Consumers may be easing up on splurge purchases, but they’re still buying pick-me-up products that make them feel special, a bit at a time.
If 2023 was the year consumers helped stave off a recession with an unexpected surge in spending, many economists predict 2024 will be the time shoppers finally tighten their belts.
That doesn’t mean people will stop spending, say retail analysts. But it will change what they choose to buy. Amid factors including inflation and a slowing job market, global consumers are likely to move away from more high-priced purchases, like electronics, and focus instead on smaller, less expensive treats.
The prolonged economic uncertainty means that consumers are becoming more discriminating about their purchases, says Ethan Chernofsky, senior vice president of marketing at intelligence platform Placer.ai. “There are the things we decide are necessary, and then there’s another category of things that aren’t necessary but that we consider affordable luxuries,” he says.
This desire for these “affordable luxuries” is common in difficult economic times. Some economists refer to the phenomenon as the “lipstick index”: a small economic bump led by budget-conscious consumers seeking out relatively affordable splurges, like small cosmetics and perfumes.
Analysts at Deloitte say that the coming year will see consumers spending on little luxuries from the food and beverage sectors, like specialty coffees and snacks as well as premium spirits. Additionally, stressed-out shoppers are prioritising small splurge purchases in the wellness and personal-care sectors. They’re buying small “glamour” items like they have in similar circumstances in the past, but they’re also increasingly interested in self-care products, such as anti-ageing serums and “clean” skincare.
‘I want to treat myself a little better’
Given the current economic climate, lower-income consumers have been hit harder than higher-income shoppers. Yet these consumers still desire to treat themselves – within reason, says Karla Martin, who leads Deloitte’s Fashion Apparel and Footwear practice. Though consumers are pulling away from high-end goods priced at $2,000 (£1,570) or more, consumers might satisfy that need by purchasing “practical luxury” items, such as the newest smartphone, she says.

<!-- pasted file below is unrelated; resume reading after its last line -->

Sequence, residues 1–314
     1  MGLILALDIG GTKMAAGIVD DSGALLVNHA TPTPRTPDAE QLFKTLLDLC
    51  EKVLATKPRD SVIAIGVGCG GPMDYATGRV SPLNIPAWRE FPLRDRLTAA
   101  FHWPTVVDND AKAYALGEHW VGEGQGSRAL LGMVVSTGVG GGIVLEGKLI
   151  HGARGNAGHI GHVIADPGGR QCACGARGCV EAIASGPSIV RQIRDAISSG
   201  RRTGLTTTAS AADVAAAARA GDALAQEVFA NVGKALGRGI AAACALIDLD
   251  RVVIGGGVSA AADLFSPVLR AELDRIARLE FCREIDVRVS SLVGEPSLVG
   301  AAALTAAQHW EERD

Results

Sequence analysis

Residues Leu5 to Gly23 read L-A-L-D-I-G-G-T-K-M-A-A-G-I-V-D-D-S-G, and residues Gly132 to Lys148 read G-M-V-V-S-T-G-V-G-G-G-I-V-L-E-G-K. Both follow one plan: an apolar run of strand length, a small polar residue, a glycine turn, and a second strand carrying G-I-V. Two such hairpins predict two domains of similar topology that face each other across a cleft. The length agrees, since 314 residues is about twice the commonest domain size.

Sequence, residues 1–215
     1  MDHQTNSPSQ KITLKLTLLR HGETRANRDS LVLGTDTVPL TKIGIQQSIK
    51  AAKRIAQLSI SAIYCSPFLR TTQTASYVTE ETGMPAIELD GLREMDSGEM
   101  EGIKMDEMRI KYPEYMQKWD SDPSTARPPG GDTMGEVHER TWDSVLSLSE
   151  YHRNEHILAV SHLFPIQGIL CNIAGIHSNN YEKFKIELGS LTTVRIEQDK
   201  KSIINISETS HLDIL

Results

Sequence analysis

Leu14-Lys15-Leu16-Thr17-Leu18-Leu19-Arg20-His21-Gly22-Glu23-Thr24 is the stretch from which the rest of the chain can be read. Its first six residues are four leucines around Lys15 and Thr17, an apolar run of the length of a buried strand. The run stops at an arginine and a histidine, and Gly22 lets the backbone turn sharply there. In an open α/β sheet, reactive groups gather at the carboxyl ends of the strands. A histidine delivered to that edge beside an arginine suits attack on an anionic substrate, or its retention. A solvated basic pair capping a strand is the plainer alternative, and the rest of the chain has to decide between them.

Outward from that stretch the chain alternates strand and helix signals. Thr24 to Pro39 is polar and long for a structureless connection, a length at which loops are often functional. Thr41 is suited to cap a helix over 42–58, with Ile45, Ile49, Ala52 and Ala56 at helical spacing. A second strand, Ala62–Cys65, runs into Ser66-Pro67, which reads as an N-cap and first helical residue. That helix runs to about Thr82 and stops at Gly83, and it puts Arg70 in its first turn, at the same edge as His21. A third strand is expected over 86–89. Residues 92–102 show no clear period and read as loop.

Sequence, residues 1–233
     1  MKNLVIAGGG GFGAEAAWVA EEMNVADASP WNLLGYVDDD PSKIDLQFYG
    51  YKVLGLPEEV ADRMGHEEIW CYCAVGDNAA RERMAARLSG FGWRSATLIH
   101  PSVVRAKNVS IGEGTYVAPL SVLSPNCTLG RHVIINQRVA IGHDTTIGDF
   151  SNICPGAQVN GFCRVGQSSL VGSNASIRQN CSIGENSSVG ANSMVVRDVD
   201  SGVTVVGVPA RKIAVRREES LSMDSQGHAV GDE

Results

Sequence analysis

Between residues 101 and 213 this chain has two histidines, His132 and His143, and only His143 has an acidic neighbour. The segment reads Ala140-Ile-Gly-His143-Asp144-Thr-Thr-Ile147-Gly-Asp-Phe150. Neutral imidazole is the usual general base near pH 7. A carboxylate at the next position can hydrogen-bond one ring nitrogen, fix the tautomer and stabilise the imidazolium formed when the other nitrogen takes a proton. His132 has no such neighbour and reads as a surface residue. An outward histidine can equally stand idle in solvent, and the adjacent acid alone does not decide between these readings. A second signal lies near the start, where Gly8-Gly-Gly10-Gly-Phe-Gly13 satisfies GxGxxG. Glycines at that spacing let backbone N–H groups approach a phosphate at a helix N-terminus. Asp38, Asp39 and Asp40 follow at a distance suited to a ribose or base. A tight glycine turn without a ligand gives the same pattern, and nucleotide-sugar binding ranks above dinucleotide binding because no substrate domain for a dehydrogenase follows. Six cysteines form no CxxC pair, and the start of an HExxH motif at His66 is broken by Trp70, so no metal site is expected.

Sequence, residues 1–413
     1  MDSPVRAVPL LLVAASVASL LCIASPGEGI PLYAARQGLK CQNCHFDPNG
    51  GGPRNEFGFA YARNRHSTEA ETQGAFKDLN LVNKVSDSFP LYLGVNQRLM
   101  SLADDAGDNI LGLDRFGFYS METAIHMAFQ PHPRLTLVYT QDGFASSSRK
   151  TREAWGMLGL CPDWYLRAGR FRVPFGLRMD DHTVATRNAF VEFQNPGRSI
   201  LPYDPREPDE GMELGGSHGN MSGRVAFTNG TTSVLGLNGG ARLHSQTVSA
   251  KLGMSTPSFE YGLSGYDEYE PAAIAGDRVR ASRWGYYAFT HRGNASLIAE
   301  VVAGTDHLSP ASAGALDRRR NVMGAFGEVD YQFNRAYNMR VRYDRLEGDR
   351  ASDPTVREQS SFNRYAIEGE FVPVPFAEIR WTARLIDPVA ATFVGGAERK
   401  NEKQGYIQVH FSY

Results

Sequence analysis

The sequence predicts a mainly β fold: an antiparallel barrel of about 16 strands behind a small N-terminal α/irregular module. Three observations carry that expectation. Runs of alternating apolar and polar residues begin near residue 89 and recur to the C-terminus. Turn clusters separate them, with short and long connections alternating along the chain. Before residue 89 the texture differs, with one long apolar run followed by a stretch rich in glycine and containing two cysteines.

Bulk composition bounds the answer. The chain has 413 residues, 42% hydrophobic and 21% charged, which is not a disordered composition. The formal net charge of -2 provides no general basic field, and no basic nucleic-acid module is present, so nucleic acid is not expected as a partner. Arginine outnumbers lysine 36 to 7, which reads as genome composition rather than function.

Beibei Li, a professor of IT and management at Carnegie Mellon University’s Heinz College, US, says some consumers may splurge on skincare treatments or designer clothes to cope with holiday stress.
“For January and February shopping, people tend to engage in some of this almost self-indulgent shopping after the New Year,” says Li. “People think, ‘Oh, [the] holiday was a little exhausting. I want to treat myself a little better’.”
A similar shift is also underway in the UK, says John Mercer, managing director of data-driven research at Coresight Research. Consumers are likely to turn to general-merchandise discount stores like B&M, Home Bargains, Poundland and others in 2024, as economic uncertainty could constrain discretionary spending, he says. In general, Coresight anticipates spending on big-ticket items to be relatively weak for as long as the housing market remains sluggish, but beauty will perform well as consumers look for small, more affordable treats.
“The ‘lipstick effect’ of spending on small treats during more challenging economic times is real, and we have seen it in action this year,” says Mercer. “Yes, it encompasses more than beauty and includes categories such as treat foods. Nevertheless, in the US, we have seen this trend drive robust growth in the beauty category this year.” Mercer expects this may be a signal for similar patterns in the UK.
The retailer’s role
As retailers see shoppers gravitating towards little luxuries, they’re offering more and more of them.
Target, for one, has staked a flag in what they refer to as “affordable joy”, which includes a curated selection of self-care and cosmetic products from black- and women-owned businesses, along with wellness-centric beauty products including those offered by Gwyneth Paltrow’s Target-exclusive, budget-friendly line, Good Clean Goop.
Beyond diversifying their offerings, stores are also bringing in luxury-feeling products at lower price points to appeal to a broad sector of consumers willing to spend on small treats, but who also want feel like they are getting a deal.
In Macy’s Q3 earnings call, for instance, the company touted their mix of high end and “off-price” (comparatively inexpensive or low-end) luxury items, including their proprietary make-up brand, Blue Mercury. Rather than rely on seasonal and promotional discounts that power them through holiday spending, this strategy encompasses a mix of affordable and aspirational luxury items, available year-round.
Broadly, multi-brand department stores are seeking to attract shoppers by offering a variety of luxury products at various price points, including gently used luxury items, beauty, wellness and other gifting products, says Martin. Mercer adds Macy’s strategy might be part of the retailer’s efforts to highlight its diverse product mix to assuage investors and analysts fears that consumers will spend less in the coming years.
Martin says not every shopper will shift their spending to little luxuries – but even those who are still coveting the “must-haves” of social media will also look to get a deal. In other words, they want the feeling of purchasing lower-priced affordable treats. To snap up these goods, shoppers are likely to tap into the re-sale market for designer items at a more reasonable price.
Largely, however, the experts expect the desire for small splurges to be widespread in the US and UK. After a year of consumer spending that often left economists puzzled, shoppers want to things that make them feel good about themselves – they just want to do it without breaking the bank. And retailers are more than willing to help these shoppers treat themselves.